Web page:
Members of Congress and a broad array of candidates for political office across America talk endlessly about the need to cut spending and lasso the national debt to avoid saddling the next generation with an unbearable burden. But too few are willing to seriously address the dangers posed to civilization by the gravest crisis in human history: climate change.
The prospective dangers of climate change eclipse the challenges of intergenerational wealth. Climate science tells us that carbon emissions threaten the future of humanity. The authors of a report issued this week by the United Nations Intergovernmental Panel on Climate Change have declared that the time available to implement effective climate policies to avert the catastrophic impact of global warming is rapidly dwindling.
The UN report, which affirms the overwhelming consensus among climate scientists, has laid bare the grim reality of inaction. The major economies of the world must implement strong anti-carbon emission programs in the next decade or so to reach the goal of reducing total global emissions 40 percent to 70 percent by 2050. Failure to reach that goal would result in a global atmospheric temperature increase of 3.6 degrees Fahrenheit - the point when the planet would face long odds in surviving a very dangerous future.
The dire warnings of disasters, manifested in record-setting sea level rises, heat waves, floods, droughts and hurricanes, would span the globe. Humanity would be looking at a return to the Dark Ages. The National Oceanic and Atmospheric Administration has stated that the effects of climate change will not end "for more than 1,000 years after carbon dioxide emissions are completely stopped."
The United States and China, the two top carbon polluters in the world, must act. For our part, that requires quick and decisive measures from Congress, which has the authority and capacity to avoid the impact of global warming. But Congress - tied in knots by partisan interests, indebtedness to the fossil fuel industries and election year priorities, which often begin and end with considerations about members' re-election campaigns - might not act without significant pressure from the American public.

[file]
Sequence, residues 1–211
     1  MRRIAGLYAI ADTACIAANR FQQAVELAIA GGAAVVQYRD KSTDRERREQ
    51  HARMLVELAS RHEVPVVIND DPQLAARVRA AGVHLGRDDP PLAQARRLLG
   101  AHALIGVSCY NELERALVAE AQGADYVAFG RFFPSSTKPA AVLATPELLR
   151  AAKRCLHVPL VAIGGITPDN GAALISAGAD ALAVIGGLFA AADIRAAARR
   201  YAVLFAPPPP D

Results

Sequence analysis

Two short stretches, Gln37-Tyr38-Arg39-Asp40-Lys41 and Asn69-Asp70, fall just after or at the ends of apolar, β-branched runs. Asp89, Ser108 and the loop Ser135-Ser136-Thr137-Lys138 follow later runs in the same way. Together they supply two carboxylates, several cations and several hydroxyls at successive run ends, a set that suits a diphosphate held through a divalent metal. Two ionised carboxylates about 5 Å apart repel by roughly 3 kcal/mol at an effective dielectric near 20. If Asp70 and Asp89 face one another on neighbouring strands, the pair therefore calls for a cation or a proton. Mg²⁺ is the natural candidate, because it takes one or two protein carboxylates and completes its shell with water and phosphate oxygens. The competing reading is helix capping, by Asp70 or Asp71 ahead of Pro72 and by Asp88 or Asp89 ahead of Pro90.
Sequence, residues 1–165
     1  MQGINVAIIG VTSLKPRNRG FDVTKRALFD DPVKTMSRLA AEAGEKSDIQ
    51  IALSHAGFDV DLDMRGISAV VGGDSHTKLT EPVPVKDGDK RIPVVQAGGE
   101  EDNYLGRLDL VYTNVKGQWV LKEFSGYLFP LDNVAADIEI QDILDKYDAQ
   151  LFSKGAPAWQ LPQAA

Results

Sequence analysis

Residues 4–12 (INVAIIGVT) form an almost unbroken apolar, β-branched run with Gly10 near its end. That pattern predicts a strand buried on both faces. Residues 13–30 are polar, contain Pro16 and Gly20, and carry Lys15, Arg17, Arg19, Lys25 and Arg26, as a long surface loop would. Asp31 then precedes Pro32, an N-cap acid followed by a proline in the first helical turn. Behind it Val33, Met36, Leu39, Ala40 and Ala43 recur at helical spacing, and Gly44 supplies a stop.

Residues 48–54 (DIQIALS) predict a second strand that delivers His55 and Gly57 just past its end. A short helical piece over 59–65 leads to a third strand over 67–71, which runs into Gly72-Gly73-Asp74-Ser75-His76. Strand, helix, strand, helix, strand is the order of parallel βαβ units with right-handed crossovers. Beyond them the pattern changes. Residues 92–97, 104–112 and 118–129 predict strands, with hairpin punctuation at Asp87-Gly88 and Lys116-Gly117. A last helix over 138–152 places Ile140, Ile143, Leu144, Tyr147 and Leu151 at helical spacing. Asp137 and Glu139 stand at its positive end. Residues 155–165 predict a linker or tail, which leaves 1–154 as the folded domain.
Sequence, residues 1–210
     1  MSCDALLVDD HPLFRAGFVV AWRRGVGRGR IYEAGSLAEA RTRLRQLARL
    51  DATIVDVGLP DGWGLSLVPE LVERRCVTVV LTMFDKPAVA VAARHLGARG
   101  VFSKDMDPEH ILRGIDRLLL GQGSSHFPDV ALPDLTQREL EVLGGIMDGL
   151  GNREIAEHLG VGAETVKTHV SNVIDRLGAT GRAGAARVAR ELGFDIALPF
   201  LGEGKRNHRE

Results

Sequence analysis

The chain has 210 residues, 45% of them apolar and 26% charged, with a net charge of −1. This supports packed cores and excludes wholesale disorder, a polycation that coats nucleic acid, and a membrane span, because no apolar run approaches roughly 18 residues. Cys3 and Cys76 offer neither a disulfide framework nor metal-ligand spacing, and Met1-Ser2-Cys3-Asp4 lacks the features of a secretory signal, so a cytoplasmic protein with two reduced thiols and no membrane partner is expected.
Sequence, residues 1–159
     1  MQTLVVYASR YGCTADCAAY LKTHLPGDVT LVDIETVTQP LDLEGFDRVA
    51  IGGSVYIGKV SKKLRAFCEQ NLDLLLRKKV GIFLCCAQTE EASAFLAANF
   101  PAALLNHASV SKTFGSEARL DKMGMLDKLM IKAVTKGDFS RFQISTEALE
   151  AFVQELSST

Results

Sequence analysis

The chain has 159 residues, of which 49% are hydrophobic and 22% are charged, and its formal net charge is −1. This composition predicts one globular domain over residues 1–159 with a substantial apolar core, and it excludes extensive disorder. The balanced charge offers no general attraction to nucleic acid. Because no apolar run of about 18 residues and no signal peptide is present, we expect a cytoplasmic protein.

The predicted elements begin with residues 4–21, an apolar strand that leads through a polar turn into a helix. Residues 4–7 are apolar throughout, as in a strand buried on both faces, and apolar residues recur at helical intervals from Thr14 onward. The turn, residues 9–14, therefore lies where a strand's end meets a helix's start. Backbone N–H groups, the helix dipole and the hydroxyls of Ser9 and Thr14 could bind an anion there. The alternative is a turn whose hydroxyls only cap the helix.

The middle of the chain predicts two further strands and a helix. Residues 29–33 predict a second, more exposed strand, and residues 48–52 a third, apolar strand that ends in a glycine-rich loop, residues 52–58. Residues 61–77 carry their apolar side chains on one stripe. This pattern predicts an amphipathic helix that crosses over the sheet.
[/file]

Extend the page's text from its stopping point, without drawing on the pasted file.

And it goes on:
Is it possible that our nation, standing on the precipice, will fail to engage in the action necessary to stave off the worst effects of climate change? The gravity of the danger ought to be enough to provoke members of Congress to seek practical, bipartisan, common-sense solutions. In any scenario, we must reduce fossil fuel consumption and limit dirty fuel extraction on U.S. public lands. Clearly, America must embrace clean, renewable forms of energy. The possibility exists for compromise: reduction in corporate income taxes, coupled with passage of a carbon tax.
If that combination is at least part of the solution, there remains the search for means of motivation. That is likely the responsibility of the electorate, which must impress on candidates for office the need to act with urgency. In Idaho, voters should demand discussion and debate among those seeking seats in Congress.
The issues of governmental spending, reform of the tax code, governmental transparency and accountability, and matters of foreign affairs and national security are fair game for candidates as they move along the campaign trail. But silence on the critical issue of addressing curbs on carbon emissions and strategies to avert climate change cannot be condoned by voters. Yet, congressional candidates in Idaho have been virtually silent on the issue and implications of global warming, despite the fact that it is the most important issue of public morality confronting America today.
David Adler is the Cecil D. Andrus professor of public affairs at Boise State University, where he serves as director of the Andrus Center for Public Policy.